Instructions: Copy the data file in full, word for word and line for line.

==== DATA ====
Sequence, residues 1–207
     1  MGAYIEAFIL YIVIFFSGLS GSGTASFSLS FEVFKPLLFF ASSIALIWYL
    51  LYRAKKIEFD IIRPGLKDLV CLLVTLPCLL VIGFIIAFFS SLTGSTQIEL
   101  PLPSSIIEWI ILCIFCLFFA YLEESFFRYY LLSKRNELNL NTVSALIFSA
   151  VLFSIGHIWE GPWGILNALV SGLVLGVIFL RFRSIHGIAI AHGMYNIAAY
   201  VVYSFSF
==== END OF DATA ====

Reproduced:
Sequence, residues 1–207
     1  MGAYIEAFIL YIVIFFSGLS GSGTASFSLS FEVFKPLLFF ASSIALIWYL
    51  LYRAKKIEFD IIRPGLKDLV CLLVTLPCLL VIGFIIAFFS SLTGSTQIEL
   101  PLPSSIIEWI ILCIFCLFFA YLEESFFRYY LLSKRNELNL NTVSALIFSA
   151  VLFSIGHIWE GPWGILNALV SGLVLGVIFL RFRSIHGIAI AHGMYNIAAY
   201  VVYSFSF